Week 3 ft. Chilean Food

Read all the exciting things our scholars have been up to!

This week, I learned a lot more about Chilean food , which, is a big part of ones culture. In my last blog I talked about the food regulations and laws on the amount of sugar, calories, and fats that all food products must have entering into Chile. They are only allowed to have a certain amount in them and if they have over a certain amount they are required to put extra stickers on them that says “alto en azúcares“, “alto en grasas saturadas”, “alto en calorias”,  or “high in sodio” (translation: “high in sugar, high in fat, high in calories, or high in sodium”). Normally, when Chileans see all three of these labels it is a reg flag and makes them not want to buy the product. Seeing this all of the time makes me conscious about the things I am eating.

One cool thing that I did this weekend was visit the Faria (very similar to a farmer’s market in the U.S). This is where most Chileans buy their fruits and vegetables because the prices is less expensive and fresh. It was an eye-opening experience to see so much fresh food! It reminds me of my mom’s garden, and makes me want to grow my own things like she does. It really makes me want to start getting my produce from the farmer’s markets in the U.S. and support local family businesses that sell their fresh vegetables and fruits. After we left the Faria, we went to the Lider Supermarket where the fruits and vegetables were double the price compared to the Faria.

Fruits and vegetables!
Fresh Fish!
Fresh Fish pt. 2!


Also, not only do they put labels on food items that are high in certain things, my host mom told that they passed a law that states that certain commercials cannot be shown in Chile because it will make kids want that food item. Theses laws were passed to keep certain foods out of schools. Apparently, there were too many obese children and the government wanted to help end this crisis. I could not imagine the United States doing anything remotely as cool or caring for its citizens.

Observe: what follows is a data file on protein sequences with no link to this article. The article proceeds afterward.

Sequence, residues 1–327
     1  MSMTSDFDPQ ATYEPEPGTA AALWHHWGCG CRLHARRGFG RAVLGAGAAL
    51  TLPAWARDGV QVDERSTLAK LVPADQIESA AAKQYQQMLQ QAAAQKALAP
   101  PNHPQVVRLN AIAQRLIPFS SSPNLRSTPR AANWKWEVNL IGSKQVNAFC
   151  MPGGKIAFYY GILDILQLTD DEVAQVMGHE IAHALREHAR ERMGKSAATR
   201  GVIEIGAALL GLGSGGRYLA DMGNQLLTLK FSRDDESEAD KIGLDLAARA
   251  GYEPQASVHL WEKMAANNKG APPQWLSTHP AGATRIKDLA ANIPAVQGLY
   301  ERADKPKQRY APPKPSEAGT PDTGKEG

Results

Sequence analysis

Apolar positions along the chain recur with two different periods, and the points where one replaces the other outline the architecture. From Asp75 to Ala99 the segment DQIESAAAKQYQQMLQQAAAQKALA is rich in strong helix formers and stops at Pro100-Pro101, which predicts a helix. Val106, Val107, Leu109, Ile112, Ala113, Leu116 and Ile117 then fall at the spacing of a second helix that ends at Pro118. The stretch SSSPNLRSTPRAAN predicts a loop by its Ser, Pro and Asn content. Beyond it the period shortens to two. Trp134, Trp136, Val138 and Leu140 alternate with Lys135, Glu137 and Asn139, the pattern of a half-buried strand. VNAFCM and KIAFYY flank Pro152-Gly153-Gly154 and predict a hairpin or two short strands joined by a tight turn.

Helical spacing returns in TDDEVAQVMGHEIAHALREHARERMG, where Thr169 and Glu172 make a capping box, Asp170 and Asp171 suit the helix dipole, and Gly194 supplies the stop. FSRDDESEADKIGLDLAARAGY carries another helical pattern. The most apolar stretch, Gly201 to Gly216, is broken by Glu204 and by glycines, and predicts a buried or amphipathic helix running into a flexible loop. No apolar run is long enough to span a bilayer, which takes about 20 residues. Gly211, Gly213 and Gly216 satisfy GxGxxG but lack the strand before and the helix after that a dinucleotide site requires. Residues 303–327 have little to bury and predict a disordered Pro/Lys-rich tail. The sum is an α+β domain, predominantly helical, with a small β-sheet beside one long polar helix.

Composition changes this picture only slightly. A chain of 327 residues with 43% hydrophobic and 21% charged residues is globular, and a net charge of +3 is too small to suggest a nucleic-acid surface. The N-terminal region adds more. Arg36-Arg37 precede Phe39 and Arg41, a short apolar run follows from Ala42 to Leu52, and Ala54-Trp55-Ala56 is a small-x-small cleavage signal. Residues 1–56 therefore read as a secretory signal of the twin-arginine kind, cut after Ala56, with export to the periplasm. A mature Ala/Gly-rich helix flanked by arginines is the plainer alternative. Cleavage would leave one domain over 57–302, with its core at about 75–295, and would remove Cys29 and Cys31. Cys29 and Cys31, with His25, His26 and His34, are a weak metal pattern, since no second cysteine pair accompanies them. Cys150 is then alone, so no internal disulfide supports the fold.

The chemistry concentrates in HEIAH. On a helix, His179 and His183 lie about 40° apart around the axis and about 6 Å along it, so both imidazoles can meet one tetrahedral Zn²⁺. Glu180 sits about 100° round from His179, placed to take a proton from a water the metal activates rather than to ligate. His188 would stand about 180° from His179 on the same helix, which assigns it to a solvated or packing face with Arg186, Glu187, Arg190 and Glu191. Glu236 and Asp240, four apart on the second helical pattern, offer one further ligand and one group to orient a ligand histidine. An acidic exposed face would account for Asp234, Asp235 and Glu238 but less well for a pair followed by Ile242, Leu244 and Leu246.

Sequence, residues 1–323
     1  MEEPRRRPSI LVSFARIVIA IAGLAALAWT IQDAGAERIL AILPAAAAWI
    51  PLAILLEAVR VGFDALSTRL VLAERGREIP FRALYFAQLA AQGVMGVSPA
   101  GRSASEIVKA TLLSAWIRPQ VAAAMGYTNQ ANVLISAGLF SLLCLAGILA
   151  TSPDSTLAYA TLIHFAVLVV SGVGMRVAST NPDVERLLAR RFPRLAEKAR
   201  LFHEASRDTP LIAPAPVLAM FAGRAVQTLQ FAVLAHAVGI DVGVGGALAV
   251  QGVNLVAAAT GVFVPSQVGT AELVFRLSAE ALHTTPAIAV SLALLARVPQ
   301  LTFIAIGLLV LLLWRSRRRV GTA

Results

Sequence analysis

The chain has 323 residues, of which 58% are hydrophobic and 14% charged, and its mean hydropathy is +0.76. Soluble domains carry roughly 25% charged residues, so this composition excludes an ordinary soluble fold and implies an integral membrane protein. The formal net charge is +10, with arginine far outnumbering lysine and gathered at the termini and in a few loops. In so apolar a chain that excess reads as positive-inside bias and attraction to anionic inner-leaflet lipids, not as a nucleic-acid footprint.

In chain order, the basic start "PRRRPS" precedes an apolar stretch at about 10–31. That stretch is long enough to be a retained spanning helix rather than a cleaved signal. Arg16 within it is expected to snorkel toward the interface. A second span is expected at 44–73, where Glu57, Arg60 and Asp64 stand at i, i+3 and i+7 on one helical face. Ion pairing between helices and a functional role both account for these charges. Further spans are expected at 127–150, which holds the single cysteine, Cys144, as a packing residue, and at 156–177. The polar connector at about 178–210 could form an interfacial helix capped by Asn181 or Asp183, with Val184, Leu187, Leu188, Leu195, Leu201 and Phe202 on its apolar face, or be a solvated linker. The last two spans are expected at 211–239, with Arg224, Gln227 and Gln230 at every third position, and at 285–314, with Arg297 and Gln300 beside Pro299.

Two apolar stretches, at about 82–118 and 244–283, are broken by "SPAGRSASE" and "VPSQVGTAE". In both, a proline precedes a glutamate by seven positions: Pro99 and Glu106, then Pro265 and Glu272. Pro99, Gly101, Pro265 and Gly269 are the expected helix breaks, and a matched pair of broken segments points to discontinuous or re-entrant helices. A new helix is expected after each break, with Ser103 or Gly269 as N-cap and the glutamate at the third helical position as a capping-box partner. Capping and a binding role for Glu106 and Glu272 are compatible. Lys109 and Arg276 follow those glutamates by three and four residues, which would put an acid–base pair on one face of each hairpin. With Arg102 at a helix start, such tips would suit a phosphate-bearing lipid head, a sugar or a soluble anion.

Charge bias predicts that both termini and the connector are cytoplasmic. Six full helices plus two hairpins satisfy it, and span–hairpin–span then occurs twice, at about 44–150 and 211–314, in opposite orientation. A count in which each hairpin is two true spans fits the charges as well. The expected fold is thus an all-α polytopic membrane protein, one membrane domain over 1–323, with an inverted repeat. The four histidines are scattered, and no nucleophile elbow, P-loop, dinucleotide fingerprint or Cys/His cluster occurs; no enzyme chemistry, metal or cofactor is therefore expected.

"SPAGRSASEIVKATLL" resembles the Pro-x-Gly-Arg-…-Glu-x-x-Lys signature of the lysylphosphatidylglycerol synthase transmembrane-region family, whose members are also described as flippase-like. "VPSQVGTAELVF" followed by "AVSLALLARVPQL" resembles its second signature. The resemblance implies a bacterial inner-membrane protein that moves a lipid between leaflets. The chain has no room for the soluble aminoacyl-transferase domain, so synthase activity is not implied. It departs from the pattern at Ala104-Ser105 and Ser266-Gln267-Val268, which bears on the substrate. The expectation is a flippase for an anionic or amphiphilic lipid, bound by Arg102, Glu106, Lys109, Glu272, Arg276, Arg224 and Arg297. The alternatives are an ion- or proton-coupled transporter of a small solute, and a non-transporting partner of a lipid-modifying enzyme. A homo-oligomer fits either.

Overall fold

How Chilean Food Differs From the U.S.A

One, Eating healthy cost more in the United States is by far the biggest difference I have seen. Two, for the first week my host mom made breakfast and dinner, with no meat. I quickly found out that it was not normal to eat meat in the mornings, and it is not unusual to not have meat for dinner. Three, one thing they will have with each and every meal is bread (PAN!). Chilean’s LOVE BREAD. They also have a salad with every dinner.  I will say it has been hard finding a good tasty juice here, and soda that has sugar in it. If I want soda with sugar, I have to ask for that, or I will get it without sugar which is good because I have become accustomed to the taste. Chile is truly changing the way I eat and how I value food.

SN: I have not had a bad meal since I have been here. Here are some more pictures of the dishes I have tried since being here:

Don't try this one at home.
Asparagus and mayonnaise.
Me attempting to take another bite of the asparagus with mayo for the photo, lol.
Dinner: chicken noddle soup.
Dinner: A veggie mix, with some chicken and rice. Also a salad on the side.
Dinner: vegetables and beef with rice.
Lunch: fried fish with potato salad.
Dinner: quinoa, meat, and veggies.
Dinner: beans, spinach, and rice with mixed veggies.
Dinner: spinach casserole.
Dinner: lentil soup with spinach and rice.
Dinner: shrimp and noodles.
This was delicious!
My very first meal in Chile: lentil soup.
Dinner: rice, broccoli, beef with carrots, and a mixed veggie salad.
Lunch: The BEST salmon I’ve ever had in my life!
Chilean hot dogs aka Completos! The normally have a lot of mayo, diced tomatoes, and avocado on them.
Lunch: chicken and rice.